In a survey, where 43 internationally ranked universities participated, 16 said they are not considering a campus here, and another 16 are undecided. The eight which expressed interest claimed they would prefer Indian students to begin with to ensure sufficient enrolments and sustainability of their venture.
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The survey “Establishing International Branch Campuses in India,” by the National Institute of Educational Planning and Administration (NIEPA), a central government funded deemed to be university, was conducted between December 21, 2020 to February 12, 2021 to elicit responses from the top 200 universities of the THE World University Rankings 2021 on their views on setting up their international campuses in India. The respondents include three from the ‘top 10’.
As per the report, all the eight respondents that indicated ‘definitely consider’ India as a potential destination for establishing international branch campuses said that there is a need for liberal regulatory framework for improving the attractiveness of India. This is of particular significance because the National Education Policy (NEP) 2020 had recommended to allow only universities from the ‘top 100 category’ in the world university rankings to operate in India.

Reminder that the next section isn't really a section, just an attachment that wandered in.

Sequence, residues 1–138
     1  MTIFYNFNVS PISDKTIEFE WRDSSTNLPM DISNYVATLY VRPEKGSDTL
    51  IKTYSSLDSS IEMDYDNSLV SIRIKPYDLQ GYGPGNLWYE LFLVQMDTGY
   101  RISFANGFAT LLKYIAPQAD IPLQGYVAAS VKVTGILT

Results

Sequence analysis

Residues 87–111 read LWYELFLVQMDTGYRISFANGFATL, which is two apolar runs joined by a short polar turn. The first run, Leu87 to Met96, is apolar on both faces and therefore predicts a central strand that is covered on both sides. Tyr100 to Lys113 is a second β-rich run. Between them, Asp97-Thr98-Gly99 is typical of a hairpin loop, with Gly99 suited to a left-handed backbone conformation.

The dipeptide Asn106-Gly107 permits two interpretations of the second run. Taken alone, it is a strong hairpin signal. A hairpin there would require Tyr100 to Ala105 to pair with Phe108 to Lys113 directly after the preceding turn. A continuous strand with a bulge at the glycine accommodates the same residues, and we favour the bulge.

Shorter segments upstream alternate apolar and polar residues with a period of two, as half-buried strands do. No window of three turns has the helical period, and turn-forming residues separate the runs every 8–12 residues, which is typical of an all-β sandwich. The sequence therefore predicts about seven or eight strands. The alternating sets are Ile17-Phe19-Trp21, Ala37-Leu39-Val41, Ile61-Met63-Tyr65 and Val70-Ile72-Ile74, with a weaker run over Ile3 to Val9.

According to Eldho Mathews, deputy adviser, Unit for International Cooperation, NIEPA, “Contrary to popular view, foreign universities in the top category are also interested in establishing their campuses in India. But most of them are adopting a wait and watch approach as the government rules and regulations are yet to be framed.”
Of the 43 universities which participated in the survey, 14 are from the UK, 13 from the US and 6 are from Canada. Nine of these universities are in the top 50 of the Times Higher Education World Rankings and 30 are in top 150 rankings.
The survey also sought the views on preferred campus model and the report suggested that the number of universities preferring some kind of tie-up with government-run institutions or assistance directly from the government is higher than setting up with private assistance or no external assistance.
“Promoting various models of branch campuses would be helpful in attracting more universities. Similarly, universities that are willing to offer programs that are relevant for the skill needs of the country should be given priority,” said Mathews.
Some of the models suggested in the report are the US-based Webster University in the Netherlands, the United Kingdom’s University of Nottingham in Ningbo, China and Singapore Institute of Management’s partnership with the University at Buffalo (UB) School of Management, located at the State University of New York at Buffalo for its Bachelor of Science degree program in business administration offered in Singapore, among others.